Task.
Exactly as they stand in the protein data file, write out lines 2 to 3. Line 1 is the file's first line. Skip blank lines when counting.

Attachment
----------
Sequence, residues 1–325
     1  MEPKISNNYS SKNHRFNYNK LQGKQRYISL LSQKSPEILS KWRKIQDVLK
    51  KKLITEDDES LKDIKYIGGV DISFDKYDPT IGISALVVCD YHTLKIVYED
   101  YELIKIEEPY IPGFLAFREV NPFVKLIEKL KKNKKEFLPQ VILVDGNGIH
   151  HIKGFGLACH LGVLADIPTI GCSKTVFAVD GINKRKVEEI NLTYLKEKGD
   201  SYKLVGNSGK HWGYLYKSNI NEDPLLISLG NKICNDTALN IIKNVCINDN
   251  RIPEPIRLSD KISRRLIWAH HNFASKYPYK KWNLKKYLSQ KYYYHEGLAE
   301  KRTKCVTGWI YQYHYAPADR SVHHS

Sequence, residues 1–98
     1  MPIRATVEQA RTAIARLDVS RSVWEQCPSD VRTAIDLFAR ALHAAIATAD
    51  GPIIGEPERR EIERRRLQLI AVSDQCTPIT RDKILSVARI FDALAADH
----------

     1  MEPKISNNYS SKNHRFNYNK LQGKQRYISL LSQKSPEILS KWRKIQDVLK
    51  KKLITEDDES LKDIKYIGGV DISFDKYDPT IGISALVVCD YHTLKIVYED